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Politics and Media Headlines 3/20/09

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Web news: Obama's Teleprompter has started a blog (by Glenn Garvin, Miami Herald)
Now this is a story you won't read in the Mainstream Media. On Wednesday, Rush Limbaugh was making fun of President Obama on the air, needling him about some recent Teleprompter screwups… Mildly amusing, as long as you're not a member of the People for Ethical Treatment of Technology or something. But then...the Teleprompter answered! Barack Obama's Teleprompter Blog appeared on the Web Wednesday, jibing back at Limbaugh as a technoboob… And get this: Not only does Obama's Teleprompter blog, he Tweets! Geeze, I hope nobody has left the nuclear codes lying around. This could be how the world ends, not with a bang but an unstable Teleprompter channeling HAL from 2001.

A.I.G. Sues U.S. for Return of $306 Million in Tax Payments (New York Times)
While the American International Group comes under fire from Congress over executive bonuses, it is quietly fighting the federal government for the return of $306 million in tax payments, some related to deals that were conducted through offshore tax havens… A.I.G. is effectively suing its majority owner, the government, which has an 80 percent stake and has poured nearly $200 billion into the insurer in a bid to avert its collapse and avoid troubling the global financial markets. The company is in effect asking for even more money, in the form of tax refunds. The suit also suggests that A.I.G. is spending taxpayer money to pursue its case, something it is legally entitled to do. Its initial claim was denied by the Internal Revenue Service last year.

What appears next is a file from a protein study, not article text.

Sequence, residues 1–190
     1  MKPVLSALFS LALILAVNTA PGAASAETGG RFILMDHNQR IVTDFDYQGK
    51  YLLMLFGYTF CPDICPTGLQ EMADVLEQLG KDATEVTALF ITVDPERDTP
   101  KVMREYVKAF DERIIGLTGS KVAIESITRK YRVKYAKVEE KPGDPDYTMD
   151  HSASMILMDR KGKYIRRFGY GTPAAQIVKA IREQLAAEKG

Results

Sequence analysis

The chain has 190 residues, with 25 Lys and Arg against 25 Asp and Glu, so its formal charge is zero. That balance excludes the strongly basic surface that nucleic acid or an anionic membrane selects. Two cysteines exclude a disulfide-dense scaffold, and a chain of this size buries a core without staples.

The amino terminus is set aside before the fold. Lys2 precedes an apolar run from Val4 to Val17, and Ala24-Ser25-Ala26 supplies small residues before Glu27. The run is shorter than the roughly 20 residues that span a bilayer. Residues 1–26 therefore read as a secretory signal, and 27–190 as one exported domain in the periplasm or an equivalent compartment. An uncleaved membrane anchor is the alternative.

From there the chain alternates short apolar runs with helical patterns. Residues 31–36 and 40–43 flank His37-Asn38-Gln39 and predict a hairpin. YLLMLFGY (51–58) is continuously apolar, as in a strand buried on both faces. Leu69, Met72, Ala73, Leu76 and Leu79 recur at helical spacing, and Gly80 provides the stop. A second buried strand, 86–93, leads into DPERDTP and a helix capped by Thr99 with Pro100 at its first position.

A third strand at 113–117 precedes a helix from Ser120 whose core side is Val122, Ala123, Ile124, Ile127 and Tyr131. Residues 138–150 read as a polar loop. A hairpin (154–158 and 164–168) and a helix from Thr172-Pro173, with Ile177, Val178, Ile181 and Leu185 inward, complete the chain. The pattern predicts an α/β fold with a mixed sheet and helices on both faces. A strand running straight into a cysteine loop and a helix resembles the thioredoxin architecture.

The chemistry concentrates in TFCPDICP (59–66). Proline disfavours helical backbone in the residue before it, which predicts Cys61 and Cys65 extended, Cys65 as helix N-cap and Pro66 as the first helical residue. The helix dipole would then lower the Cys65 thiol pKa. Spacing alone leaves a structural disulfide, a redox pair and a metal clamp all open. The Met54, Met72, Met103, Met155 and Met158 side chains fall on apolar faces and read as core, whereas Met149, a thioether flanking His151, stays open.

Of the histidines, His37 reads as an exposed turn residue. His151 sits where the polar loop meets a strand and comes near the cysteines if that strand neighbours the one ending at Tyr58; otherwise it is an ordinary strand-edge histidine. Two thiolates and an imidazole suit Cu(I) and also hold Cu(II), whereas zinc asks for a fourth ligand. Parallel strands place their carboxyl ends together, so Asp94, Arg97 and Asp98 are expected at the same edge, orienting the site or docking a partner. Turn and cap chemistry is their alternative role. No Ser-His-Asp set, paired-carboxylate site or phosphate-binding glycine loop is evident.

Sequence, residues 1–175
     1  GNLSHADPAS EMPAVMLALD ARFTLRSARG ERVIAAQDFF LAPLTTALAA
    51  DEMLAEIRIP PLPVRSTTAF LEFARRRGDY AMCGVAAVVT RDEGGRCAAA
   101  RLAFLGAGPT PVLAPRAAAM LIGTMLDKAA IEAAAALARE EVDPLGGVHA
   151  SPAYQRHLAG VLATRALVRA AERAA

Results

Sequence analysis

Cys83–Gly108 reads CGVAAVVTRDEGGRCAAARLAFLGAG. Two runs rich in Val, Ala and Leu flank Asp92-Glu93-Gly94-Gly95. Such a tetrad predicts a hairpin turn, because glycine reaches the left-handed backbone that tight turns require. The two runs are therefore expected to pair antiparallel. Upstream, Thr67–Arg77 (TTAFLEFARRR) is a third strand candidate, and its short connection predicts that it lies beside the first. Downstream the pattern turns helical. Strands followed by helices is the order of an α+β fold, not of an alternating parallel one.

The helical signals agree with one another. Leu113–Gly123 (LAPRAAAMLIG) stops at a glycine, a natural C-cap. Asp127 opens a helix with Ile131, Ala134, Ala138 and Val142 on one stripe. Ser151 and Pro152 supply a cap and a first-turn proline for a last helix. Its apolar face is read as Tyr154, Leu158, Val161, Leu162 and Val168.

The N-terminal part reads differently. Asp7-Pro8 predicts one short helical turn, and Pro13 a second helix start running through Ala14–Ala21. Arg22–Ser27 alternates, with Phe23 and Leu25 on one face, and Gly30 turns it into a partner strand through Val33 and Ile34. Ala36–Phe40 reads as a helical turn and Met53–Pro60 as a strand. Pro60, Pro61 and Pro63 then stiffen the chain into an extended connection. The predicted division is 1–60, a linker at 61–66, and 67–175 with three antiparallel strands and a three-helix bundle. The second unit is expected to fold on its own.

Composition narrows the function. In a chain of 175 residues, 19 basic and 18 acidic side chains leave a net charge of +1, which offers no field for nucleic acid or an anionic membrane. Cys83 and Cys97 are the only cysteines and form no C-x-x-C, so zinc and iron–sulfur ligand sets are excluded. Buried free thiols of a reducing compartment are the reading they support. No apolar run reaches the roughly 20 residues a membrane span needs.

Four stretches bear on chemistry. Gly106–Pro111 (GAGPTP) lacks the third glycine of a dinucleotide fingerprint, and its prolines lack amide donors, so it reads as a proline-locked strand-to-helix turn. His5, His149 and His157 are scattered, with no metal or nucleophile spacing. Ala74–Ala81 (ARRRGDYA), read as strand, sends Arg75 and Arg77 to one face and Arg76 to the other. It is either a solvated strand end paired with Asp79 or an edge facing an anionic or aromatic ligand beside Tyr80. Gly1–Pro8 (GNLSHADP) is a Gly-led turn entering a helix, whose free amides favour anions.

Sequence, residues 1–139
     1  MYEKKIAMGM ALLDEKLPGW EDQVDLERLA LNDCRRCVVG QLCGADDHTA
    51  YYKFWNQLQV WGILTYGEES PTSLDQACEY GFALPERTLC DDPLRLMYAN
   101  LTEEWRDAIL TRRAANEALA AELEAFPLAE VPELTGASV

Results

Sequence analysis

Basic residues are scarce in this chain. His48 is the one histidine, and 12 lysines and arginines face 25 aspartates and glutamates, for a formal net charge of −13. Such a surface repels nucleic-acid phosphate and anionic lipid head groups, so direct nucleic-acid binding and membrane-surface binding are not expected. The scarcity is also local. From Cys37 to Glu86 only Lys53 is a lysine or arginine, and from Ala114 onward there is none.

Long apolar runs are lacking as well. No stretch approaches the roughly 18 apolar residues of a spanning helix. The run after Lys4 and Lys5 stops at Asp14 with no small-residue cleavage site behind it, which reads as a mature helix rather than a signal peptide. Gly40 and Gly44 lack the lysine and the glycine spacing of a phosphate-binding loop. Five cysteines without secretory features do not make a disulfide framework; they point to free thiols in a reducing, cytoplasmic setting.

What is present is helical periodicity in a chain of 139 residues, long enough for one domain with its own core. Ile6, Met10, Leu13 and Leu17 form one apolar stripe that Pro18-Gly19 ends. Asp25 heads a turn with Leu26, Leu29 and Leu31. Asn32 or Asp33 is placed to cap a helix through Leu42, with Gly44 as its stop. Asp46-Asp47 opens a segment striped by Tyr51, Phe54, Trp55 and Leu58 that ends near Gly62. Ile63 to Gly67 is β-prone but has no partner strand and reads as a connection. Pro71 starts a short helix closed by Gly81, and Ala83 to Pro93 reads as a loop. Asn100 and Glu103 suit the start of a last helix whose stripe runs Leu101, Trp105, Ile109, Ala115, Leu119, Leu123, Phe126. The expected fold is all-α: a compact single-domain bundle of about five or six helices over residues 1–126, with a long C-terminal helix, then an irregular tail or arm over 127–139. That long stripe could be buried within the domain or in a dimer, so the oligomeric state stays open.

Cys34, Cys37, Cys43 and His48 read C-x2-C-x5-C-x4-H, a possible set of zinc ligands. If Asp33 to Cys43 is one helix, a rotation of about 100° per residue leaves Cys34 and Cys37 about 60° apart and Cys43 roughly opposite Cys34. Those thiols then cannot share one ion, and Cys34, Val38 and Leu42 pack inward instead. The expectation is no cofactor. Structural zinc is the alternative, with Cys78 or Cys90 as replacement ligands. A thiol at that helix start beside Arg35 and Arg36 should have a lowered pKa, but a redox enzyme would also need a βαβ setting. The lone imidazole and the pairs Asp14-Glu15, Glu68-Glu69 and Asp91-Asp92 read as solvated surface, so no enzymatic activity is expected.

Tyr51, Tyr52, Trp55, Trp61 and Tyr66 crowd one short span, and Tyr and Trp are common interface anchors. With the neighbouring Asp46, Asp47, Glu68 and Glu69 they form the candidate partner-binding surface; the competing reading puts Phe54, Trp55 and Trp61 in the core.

13 Firms Receiving Federal Bailout Owe Back Taxes (AP)
At least 13 firms receiving billions of dollars in bailout money owe a total of more than $220 million in unpaid federal taxes, a key lawmaker said Thursday. Rep. John Lewis, chairman of a House subcommittee overseeing the federal bailout, said two firms owe more than $100 million apiece. "This is shameful. It is a disgrace," said Lewis, a Georgia Democrat. "We are going to get to the bottom of what is going on here." The House Ways and Means subcommittee on oversight discovered the unpaid taxes in a review of tax records from 23 of the firms receiving the most money, Lewis said as he opened a hearing on the issue.

President Barack Obama should serve the taxpayers, not Goldman Sachs, and liquidate AIG (by Gerald Warner, The Telegraph, U.K.)
Barack Obama and Tim Geithner have one sensible option: they must send the liquidators in to AIG to pick the bones clean. The sooner they take this drastic action, the more effective it will be. The perception is growing that the real motive behind the AIG bailout is to save the posterior of Goldman Sachs: AIG appears to have become a staging post through which billions of taxpayers' dollars travel into the coffers of Goldman Sachs and other banks.

In the Wake of AIG: Obama's First Priority (by Robert Reich)